''It's such an unbelievable thing to many people that they refuse to accept it,'' said Dr. Roland Summit, a psychiatrist at the University of California at Los Angeles who has specialized in the treatment of sexually abused children for 15 years.
''People assume that there is a rational, logical explanation, when there is nothing rational about child abuse,'' he said. ''The bias against mothers who complain is so bad that a woman who is aware of it is often told that she may do well not to bring it up because it will only bring trouble on herself.'' Marriage Was Short-Lived
Dennis and Faye Henderson were married May 5, 1978, according to court records, after meeting in a congregation of Jehovah's Witnesses in south central Los Angeles.
It was apparently a stormy marriage from the beginning. Among other problems, according to the allegations of Mrs. Henderson, her husband complained that in their church congregation ''all the women were lesbians, adolescent girls were not virgins'' and said ''he wanted sex with a virgin, particularly a little girl.''
After several brief separations the couple separted for good in December 1978. After the birth of their daughter in February 1979, Mrs. Henderson asserts, her husband threatened to engage in sex with the baby unless she reconciled with him. ''He warned me that he was going to have me handcuffed, subpoenaed and dragged into jail,'' she says, ''and then have sex with the baby.''
In August 1980 their petition for a divorce came up for a hearing in the Superior Court here. Mrs. Henderson says she retained a lawyer and expressed to him her fear that her husband would molest their daughter if he got access to her. She Signed Custody Accord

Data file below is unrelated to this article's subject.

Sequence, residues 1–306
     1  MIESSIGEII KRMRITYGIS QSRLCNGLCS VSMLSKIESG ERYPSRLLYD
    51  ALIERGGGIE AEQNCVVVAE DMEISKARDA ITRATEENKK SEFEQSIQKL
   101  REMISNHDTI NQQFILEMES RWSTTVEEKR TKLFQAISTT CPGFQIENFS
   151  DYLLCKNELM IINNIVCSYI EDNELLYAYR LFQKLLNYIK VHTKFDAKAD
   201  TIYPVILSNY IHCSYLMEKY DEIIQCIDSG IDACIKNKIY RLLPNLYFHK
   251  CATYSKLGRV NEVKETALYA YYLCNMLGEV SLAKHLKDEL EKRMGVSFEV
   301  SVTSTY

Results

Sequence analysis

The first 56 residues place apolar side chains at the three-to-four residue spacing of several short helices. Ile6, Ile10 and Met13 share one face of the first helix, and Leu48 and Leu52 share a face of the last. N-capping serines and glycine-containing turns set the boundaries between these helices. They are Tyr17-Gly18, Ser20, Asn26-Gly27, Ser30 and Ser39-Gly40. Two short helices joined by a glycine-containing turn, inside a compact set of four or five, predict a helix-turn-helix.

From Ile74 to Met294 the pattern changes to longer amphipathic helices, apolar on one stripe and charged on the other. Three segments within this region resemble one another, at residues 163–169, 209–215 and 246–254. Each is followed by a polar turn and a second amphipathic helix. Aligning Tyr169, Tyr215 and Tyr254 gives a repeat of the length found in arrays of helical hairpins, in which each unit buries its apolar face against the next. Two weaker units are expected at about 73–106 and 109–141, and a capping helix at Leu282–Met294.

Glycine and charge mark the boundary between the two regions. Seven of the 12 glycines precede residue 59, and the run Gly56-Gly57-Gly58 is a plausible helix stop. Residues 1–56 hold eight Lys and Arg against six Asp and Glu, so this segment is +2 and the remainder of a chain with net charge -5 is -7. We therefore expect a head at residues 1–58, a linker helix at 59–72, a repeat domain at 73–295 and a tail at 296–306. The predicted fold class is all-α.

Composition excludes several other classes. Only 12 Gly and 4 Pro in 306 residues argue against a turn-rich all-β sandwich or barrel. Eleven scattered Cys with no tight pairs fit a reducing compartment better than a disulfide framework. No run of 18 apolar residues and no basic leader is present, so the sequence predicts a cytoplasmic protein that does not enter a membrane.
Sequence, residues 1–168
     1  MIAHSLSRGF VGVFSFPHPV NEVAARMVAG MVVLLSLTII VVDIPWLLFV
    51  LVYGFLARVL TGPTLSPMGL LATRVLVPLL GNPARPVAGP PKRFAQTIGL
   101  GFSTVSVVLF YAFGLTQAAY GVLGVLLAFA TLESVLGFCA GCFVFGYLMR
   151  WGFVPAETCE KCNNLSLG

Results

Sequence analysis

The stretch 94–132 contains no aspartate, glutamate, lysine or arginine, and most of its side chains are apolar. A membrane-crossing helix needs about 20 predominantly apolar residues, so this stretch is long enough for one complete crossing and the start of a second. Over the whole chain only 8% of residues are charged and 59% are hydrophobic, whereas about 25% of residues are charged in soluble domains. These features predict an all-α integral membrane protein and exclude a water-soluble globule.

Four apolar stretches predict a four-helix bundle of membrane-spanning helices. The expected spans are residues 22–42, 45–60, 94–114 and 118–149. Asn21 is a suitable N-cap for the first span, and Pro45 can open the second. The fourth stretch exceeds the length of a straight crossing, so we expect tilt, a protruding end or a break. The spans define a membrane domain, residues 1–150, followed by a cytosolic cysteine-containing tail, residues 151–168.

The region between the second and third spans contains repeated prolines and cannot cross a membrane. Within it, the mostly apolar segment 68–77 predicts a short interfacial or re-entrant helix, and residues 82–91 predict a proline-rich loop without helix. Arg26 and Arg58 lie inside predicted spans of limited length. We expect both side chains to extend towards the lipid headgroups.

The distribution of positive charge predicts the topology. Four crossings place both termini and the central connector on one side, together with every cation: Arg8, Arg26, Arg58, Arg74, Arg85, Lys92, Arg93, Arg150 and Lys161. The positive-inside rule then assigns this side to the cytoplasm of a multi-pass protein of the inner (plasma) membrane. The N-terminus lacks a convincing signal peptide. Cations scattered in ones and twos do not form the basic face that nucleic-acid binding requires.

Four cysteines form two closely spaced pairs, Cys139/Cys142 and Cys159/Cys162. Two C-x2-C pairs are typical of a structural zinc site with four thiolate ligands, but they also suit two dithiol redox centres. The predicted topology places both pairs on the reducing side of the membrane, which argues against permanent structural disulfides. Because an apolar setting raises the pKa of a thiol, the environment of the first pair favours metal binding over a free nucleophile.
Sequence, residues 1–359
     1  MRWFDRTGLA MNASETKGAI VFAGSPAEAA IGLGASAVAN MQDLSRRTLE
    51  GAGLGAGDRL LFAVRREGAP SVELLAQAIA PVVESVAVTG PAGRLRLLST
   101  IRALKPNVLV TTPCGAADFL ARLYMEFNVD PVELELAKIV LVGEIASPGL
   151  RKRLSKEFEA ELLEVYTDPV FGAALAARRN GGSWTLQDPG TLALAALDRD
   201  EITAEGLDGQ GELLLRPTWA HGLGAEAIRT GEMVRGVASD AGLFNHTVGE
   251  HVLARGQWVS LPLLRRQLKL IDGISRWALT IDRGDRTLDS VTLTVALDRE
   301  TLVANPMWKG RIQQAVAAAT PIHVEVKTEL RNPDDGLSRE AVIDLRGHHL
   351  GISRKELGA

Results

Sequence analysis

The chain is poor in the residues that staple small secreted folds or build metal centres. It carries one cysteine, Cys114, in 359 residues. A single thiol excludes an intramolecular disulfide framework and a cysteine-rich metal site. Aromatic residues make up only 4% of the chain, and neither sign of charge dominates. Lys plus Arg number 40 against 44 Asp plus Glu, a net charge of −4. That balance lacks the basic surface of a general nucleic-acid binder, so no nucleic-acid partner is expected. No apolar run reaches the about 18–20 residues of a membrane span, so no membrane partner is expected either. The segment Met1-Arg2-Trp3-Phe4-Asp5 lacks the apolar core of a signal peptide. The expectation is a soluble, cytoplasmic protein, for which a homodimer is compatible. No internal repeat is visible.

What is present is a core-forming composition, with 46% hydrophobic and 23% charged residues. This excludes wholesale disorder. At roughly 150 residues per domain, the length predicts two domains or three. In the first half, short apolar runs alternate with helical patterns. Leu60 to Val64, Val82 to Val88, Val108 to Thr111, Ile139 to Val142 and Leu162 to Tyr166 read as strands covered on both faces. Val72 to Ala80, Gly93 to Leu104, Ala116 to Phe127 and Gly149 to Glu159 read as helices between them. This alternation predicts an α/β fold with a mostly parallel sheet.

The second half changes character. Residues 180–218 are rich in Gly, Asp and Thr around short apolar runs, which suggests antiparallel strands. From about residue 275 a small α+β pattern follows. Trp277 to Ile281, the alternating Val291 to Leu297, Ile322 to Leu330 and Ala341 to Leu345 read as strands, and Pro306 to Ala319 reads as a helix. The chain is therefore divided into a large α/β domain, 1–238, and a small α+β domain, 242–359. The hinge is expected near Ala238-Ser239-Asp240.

At the hearing, she says, she discovered that the man she hired was not really a licensed lawyer but instead was a church member who had misrepresented himself. She says he turned her case over to another Witness, a lawyer who was a stranger to her. The real lawyer, she says, rejected her request to tell the judge about her concerns for the child.
According to Mrs. Henderson's account, this lawyer, Hiram Martin, negotiated an agreement between the couple and instructed Mrs. Henderson to sign it. When she asked what it contained, she recalls, ''He said, 'Trust me,' and I signed it.'' Only later, she says, did she learn that it granted the father custody on alternating weekends and in vacations and holiday periods. Mr. Martin, a defendant in Mrs. Henderson's lawsuit, has denied mishandling the case.
Mrs. Henderson says she soon began suspecting, because of physical marks on the infant, that the child had been molested. After the child was returned from a visit with her father on March 1, 1981, Mrs. Henderson says, she became so concerned that she took the baby to Centinela Hospital in Inglewood for an examination.
Two physicians there, Drs. Bernard Lewinsky and Anthony Hirsch, indicated that they had found evidence of possible abuse, but an Inglewood police detective, Kenneth Bush, decided that the report he received was not conclusive enought to warrant further investigation. They Deny Any Wrongdoing
The City of Inglewood, which is also a defendant in the lawsuit, says Mr. Bush followed the appropriate procedures. He did not return telephone calls from a reporter. The two doctors, whom Mrs. Henderson is suing along with the hospital, denied any wrongdoing.
Mrs. Henderson subsequently refused to allow her former husband to visit his daughter, and he returned to the family division of Superior Court to protest. In December 1981, Judge Hugh Macbeth found Mrs. Henderson in contempt, ordering her to immediately allow the father to take the child for a weekend visit, as provided in the agreement she had signed, or go to jail.